ABC Nursery

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About ABC Nursery

Name ABC Nursery
Ofsted Inspections
Address 11 Sandfield Road, Headington, OXFORD, OXFORDSHIRE, OX3 7RG
Phase Childcare on Non-Domestic Premises, Full day care
Gender Mixed
Local Authority Oxfordshire
Highlights from Latest Inspection

What is it like to attend this early years setting?

The provision requires improvement Children generally settle quickly and have good relationships with their friends and the staff who care for them. However, due to weaknesses in teaching practice, leaders and staff fail to plan and implement a well-designed curriculum.

Consequently, any learning children acquire is often incidental rather than purposeful. Furthermore, key persons and buddies will often refer to resources and activities rather than focusing on what children actually need to learn. Due to weaknesses in the quality of education, there is an impact on children's attitudes to learning.

At times, children's ability to maintain focus and concent...ration wanes. They often wander between resources and activities, which are not adapted to suit the ages and stages of development. As a result, children do not benefit from broad and balanced educational programmes.

This does not precisely identify what each child needs to help them make progress towards the next stages of learning.Nevertheless, children take great delight in spending long periods of time enjoying outdoor play. They engage in ball games and develop their physical skills through mark-making activities.

Children practise how to jump and balance as they splash in puddles, making bubbles. Staff teach children about the natural world and help them to grow their own tomatoes and herbs, which they then use in their play. Staff support children to find out about people and communities.

For example, they ask professionals, including firefighters and dentists, to visit. This contributes to children learning about life beyond the nursery. For example, after the visit from the dentist, staff provide activities and experiences to teach children about oral health and how to care for their teeth.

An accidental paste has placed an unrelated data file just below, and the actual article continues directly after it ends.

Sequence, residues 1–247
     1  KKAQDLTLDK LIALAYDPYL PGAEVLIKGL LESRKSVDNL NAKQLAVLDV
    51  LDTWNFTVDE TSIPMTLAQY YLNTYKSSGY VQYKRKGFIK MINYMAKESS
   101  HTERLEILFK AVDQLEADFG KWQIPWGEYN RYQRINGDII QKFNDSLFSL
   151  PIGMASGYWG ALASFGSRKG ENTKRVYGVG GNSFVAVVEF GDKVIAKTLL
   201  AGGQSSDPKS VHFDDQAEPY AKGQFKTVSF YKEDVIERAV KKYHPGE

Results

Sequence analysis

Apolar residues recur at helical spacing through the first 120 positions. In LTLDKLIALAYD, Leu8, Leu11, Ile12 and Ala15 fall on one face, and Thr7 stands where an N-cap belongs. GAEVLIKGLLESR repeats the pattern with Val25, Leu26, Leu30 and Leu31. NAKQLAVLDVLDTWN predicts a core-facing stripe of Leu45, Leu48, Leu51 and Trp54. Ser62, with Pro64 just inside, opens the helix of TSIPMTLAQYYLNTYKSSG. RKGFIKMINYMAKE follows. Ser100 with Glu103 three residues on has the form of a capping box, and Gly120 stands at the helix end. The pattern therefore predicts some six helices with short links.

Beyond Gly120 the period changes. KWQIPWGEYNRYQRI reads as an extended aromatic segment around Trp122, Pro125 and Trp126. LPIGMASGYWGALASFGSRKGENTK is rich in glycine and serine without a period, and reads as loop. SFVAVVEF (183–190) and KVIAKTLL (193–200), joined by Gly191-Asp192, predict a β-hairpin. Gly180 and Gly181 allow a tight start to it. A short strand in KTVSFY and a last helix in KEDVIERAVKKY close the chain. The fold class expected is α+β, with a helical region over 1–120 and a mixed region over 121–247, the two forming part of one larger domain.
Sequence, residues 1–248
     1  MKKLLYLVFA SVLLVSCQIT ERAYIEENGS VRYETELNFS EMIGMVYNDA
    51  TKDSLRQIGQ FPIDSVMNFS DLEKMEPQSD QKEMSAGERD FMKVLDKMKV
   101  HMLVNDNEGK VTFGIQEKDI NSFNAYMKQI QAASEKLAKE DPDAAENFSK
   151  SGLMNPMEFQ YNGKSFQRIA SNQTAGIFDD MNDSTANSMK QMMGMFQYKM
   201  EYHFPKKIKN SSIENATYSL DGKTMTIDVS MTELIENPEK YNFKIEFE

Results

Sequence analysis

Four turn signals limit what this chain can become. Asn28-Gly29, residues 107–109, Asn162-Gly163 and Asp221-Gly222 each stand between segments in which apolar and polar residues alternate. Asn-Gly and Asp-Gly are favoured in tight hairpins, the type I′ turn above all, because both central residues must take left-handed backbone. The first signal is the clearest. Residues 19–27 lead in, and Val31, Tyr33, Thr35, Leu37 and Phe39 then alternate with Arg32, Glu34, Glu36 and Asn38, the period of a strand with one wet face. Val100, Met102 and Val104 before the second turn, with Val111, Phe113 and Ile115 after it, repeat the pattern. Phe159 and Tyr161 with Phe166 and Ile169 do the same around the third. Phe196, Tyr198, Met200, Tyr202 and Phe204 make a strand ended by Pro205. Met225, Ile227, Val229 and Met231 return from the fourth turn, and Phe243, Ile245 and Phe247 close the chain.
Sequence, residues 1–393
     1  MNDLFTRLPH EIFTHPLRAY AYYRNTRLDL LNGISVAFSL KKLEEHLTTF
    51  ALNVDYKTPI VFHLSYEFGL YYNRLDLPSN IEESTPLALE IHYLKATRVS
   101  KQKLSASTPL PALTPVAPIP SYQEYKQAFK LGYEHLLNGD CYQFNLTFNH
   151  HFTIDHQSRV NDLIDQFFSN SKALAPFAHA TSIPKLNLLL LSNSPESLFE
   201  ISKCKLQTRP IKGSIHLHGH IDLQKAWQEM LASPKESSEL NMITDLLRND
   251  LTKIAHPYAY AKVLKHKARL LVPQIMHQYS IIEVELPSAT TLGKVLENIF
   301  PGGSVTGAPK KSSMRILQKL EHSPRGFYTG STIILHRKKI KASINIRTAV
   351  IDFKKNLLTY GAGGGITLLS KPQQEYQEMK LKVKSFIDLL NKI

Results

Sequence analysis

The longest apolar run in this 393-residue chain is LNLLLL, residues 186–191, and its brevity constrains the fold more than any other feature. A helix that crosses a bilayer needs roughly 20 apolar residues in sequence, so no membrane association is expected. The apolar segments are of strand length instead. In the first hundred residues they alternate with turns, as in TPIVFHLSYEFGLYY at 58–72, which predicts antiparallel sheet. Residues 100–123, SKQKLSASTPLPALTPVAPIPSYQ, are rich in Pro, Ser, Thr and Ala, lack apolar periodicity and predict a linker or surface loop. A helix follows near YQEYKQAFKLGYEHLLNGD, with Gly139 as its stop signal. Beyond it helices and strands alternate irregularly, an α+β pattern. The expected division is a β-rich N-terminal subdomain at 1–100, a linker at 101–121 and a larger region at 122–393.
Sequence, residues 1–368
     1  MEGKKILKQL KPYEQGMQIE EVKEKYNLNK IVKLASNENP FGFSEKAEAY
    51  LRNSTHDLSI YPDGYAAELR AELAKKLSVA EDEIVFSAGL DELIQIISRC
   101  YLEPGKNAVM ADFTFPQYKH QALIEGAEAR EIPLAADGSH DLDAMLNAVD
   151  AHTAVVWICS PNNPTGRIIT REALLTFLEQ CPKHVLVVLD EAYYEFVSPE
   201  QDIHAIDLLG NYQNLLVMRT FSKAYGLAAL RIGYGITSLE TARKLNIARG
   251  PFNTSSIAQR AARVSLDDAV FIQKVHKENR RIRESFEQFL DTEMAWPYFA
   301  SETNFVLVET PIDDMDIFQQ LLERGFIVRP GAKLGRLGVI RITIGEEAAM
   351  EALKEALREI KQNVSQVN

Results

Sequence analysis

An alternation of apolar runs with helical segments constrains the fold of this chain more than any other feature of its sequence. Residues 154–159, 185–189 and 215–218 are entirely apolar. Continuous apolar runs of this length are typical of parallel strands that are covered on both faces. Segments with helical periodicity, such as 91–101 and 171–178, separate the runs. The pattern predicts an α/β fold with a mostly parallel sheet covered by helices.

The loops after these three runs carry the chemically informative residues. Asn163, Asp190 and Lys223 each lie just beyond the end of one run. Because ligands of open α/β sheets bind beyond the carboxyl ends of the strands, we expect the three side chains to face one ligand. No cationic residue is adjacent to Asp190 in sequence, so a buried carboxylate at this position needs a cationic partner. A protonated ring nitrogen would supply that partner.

What does the early years setting do well and what does it need to do better?

Leaders and managers self-evaluate the provision. They have aspiration for what they want children to achieve by the time they leave the nursery. However, this is not securely embedded in operational practice.

Leaders and managers are open and honest and recognise weaknesses in planning and the implementation of effective educational programmes. They are committed to making improvements. Leaders and managers are aware that the whole staff team still requires further training and support to develop teaching practice.

There is a trained and experienced special educational needs coordinator (SENCo) in place. The SENCo works with key persons to identify children with developmental delays. They look at strategies to offer support to help children feel safe and secure.

However, they do not act swiftly enough to seek guidance from external professionals to implement suggested interventions at the earliest opportunity. As a result, children continue to experience difficulties that cause barriers to learning.Leaders and managers do not have a sharp enough focus on staff supervision arrangements.